Source: P. A. Sillard, Life of John Mitchel (Dublin: James Duffy & Co., Ltd 1908), p.3
On the first Saturday in October will he published the first number of a; DUBLIN WEEKLY JOURNAL TO BE CALLED THE NATION for which the services of the most eminent political writers in the country have been secured. It will he edited by Charles Gavan Duffy, Editor of The Vindicator, aided by the, following distinguished contributors: JOHN O’CONNELL, ESQ., M.P.; Thomas Osborne Davis, Esq., Barrister-at-Law; W. J. O’Neill Daunt, Esq., Author of The Green Book, John B. Dillon, Esq., Barrister-at-Law; Clarence Mangan, Esq., Author of Anthologia Germanica and Litterae Orientales; The Late Editor of the London Magazine and Charivari, J. C. Fitzgerald, Editor of The True Sun, and others whose names we are not at liberty to publish.
The projectors of the NATION have been told that there is no room in Ireland for another Liberal Journal; but they think differently. They believe that since the success of the long and gallant struggle which our fathers maintained against sectarian ascendancy, a NEW MIND has grown up amongst us, which longs to redress other wrongs and achieve other victories; and that this mind has found no adequate expression in the press. The Liberal Journals of Ireland were perhaps never more ably conducted than at this moment; but their tone and spirit are not of the present but the past; their energies are shackled by old habits, old prejudices, and old divisions; and they do not and cannot keep in the van of the advancing people. The necessities of the country seem to demand a Journal able to aid and organise the new movements going on amongst us – to make their growth deeper, and their fruit “more racy of the soil” and, above all, to direct the popular mind and the sympathies of educated men of all parties to the great end of nationality. Such a Journal should be free from the quarrels, the interests, the wrongs, and even the gratitude of the past. It should be free to apply its strength where it deems best; free to praise, free to censure; unshackled by sect or party; able, Irish, and independent. Holding these views, the projectors of the Nation cannot think that a Journal, prepared to undertake this work, will be deemed superfluous; and as they labour, not for themselves but for their country, they are prepared, if they do not find a way open, to try if they cannot make one.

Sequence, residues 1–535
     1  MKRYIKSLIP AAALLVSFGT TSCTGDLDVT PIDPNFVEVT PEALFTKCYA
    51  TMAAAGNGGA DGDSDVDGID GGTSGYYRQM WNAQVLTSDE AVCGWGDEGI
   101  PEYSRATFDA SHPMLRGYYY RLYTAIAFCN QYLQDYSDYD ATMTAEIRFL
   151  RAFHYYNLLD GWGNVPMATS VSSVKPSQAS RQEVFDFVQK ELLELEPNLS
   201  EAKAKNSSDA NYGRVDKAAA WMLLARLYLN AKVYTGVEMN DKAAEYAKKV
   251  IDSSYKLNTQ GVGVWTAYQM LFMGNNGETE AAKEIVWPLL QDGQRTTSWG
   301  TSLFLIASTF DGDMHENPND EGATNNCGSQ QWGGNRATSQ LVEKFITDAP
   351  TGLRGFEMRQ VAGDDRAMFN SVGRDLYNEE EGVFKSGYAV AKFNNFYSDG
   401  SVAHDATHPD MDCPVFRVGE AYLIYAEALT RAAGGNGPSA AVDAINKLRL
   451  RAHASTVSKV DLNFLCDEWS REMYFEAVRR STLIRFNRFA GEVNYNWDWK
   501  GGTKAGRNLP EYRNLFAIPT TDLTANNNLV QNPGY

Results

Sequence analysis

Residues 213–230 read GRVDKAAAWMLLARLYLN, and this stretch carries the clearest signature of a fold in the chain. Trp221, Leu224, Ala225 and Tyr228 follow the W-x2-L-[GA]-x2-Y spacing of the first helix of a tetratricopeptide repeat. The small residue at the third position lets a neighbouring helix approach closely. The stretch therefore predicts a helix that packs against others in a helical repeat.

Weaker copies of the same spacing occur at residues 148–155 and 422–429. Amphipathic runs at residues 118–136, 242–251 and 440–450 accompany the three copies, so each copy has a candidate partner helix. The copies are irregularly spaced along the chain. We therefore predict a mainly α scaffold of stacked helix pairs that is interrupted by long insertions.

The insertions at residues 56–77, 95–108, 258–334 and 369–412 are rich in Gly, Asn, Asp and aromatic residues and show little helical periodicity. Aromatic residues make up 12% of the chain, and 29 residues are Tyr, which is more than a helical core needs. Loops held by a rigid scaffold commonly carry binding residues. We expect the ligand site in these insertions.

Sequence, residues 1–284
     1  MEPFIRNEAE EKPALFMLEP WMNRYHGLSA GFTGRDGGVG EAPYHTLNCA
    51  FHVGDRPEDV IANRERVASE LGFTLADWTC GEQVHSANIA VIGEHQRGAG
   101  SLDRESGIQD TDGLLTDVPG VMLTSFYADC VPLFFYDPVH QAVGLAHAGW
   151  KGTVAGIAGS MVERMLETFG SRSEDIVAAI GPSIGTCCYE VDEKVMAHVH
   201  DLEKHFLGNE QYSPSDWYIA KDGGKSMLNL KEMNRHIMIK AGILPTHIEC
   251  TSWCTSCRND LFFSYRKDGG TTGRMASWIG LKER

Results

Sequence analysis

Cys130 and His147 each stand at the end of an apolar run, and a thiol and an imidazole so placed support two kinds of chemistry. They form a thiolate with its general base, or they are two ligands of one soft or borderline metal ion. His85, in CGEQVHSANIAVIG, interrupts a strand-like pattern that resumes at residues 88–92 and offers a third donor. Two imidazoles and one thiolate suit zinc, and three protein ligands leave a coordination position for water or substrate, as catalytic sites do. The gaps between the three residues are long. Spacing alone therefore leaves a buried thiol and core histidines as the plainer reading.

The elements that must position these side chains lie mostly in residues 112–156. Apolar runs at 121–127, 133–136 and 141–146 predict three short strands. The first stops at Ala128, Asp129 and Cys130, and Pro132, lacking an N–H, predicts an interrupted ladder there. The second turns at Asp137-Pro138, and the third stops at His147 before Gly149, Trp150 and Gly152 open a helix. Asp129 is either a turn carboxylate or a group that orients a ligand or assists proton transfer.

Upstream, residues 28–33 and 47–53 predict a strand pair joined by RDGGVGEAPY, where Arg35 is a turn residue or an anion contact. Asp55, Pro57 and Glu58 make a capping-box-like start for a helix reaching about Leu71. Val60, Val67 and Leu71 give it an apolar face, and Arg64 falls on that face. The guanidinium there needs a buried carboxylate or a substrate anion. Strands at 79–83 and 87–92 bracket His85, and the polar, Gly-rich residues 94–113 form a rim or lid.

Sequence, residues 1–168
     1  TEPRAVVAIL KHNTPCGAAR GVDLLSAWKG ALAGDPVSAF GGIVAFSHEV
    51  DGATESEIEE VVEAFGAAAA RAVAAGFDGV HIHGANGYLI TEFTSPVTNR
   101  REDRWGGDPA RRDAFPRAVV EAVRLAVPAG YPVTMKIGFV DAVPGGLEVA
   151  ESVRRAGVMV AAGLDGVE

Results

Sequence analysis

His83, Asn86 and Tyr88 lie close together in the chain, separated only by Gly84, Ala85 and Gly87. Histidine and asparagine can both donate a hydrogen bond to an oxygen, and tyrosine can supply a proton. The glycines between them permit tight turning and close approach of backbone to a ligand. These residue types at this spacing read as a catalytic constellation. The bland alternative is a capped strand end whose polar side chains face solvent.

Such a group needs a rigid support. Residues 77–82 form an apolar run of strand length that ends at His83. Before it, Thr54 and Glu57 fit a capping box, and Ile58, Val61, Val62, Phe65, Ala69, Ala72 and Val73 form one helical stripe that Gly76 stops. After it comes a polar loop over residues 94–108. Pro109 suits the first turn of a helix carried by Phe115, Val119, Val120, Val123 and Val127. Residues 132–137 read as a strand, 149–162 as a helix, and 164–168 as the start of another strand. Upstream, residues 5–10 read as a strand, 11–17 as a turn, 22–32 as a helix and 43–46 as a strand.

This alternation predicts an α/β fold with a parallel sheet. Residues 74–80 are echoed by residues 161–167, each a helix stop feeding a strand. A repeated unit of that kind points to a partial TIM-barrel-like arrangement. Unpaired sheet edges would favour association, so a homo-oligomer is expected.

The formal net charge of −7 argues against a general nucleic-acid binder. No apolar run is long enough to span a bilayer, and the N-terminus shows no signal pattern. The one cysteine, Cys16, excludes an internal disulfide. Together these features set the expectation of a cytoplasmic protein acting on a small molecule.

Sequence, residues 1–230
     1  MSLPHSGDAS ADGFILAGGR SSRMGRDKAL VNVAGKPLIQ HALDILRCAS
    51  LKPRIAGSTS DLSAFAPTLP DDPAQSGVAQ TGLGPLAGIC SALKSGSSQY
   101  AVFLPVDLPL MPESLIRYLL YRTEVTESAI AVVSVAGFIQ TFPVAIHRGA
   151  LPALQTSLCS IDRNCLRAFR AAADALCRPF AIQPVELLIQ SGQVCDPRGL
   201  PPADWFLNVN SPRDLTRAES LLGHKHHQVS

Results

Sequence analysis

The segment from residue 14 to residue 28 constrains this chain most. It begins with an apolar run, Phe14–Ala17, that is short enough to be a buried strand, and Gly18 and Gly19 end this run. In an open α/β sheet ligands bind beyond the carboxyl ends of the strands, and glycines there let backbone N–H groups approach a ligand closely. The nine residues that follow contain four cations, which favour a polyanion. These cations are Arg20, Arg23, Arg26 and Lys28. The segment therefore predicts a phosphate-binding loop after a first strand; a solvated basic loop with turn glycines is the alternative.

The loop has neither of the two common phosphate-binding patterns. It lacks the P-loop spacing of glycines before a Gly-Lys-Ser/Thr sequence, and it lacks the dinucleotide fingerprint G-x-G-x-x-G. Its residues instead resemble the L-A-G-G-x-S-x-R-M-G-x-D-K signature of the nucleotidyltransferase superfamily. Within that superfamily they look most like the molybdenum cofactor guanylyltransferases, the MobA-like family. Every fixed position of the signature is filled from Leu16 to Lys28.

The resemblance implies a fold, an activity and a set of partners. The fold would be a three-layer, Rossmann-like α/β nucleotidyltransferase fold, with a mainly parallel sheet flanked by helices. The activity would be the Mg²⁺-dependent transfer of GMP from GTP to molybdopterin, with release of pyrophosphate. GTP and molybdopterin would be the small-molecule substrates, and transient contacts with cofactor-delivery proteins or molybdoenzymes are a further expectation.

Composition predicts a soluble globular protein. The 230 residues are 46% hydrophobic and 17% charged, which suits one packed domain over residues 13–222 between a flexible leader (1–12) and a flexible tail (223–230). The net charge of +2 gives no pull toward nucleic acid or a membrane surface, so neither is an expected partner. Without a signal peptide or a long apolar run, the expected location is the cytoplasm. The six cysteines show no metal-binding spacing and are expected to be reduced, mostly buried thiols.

Nationality is their first object – a nationality which will not only raise our people from their poverty, by securing to them the blessings of a domestic legislature, but inflame and purify them with a lofty and heroic love of country; a nationality of the spirit as well as the letter; a nationality which may come to be stamped upon our manners, our literature, and our deeds; a nationality which may embrace Protestant, Catholic, and Dissenter, Milesian and Cromwellian, the Irishman of a hundred generations, and the stranger who is within our gates; not a nationality which would preclude civil war, but which would establish internal union and external independence; a nationality which would be recognised by the world, and sanctified by wisdom, virtue, and time.